One of the first examples of a global consumer strike was the hit the French wine industry took as a result of the French government using the atoll of Moruroa in French Polynesia as a nuclear test site. After decades of scattered protests, the broader public revolted in 1995. What really hit France hard was that wine drinkers around the world imposed what amounted to anembargo on French wine. What years of protests from elsewhere didn’t accomplish, French winemakers achieved in a matter of months: getting the attention of the French government and forcing it to cease testing. The impact on the French wine sector has been permanent though, as consumers discovered that wines from Chile, Argentina, California, Canada, South Africa, New Zealand and Australia weren’t bad at all.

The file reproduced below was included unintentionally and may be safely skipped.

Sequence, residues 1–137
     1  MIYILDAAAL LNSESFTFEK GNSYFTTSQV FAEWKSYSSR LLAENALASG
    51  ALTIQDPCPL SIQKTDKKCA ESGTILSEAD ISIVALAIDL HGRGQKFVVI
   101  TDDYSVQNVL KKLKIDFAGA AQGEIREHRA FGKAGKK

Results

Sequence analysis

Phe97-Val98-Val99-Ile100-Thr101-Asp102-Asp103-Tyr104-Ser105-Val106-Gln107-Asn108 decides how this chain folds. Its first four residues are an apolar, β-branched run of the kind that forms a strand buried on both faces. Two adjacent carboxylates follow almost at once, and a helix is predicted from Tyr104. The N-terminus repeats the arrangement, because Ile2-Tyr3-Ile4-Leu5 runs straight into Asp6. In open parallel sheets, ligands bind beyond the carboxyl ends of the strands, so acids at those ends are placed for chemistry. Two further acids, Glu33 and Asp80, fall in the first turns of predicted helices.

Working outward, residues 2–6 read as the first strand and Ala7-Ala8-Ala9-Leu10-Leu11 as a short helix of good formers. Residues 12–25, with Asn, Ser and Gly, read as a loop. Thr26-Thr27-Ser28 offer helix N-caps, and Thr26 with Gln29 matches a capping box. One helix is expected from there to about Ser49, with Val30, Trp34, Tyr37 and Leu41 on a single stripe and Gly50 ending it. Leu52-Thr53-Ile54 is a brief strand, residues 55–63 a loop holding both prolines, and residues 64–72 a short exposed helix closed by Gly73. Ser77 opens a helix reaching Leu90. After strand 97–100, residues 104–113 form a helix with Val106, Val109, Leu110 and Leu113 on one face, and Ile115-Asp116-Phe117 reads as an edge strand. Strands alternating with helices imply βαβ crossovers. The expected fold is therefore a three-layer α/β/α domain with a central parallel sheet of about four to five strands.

With the rise of social media, the consumer gained a powerful ally in countering negative or destructive conduct by corporate entities: companies pay a price when bad behaviour is exposed. Referring to the benefits of transparency, U.S. Supreme Court Justice Louis Brandeis said that ‘sunlight is the best disinfectant’. Cloak and dagger stuff only works when perpetrators are allowed to hover in darkness. This is the new reality that corporate citizens need to adjust to, or ignore at their brands’ peril.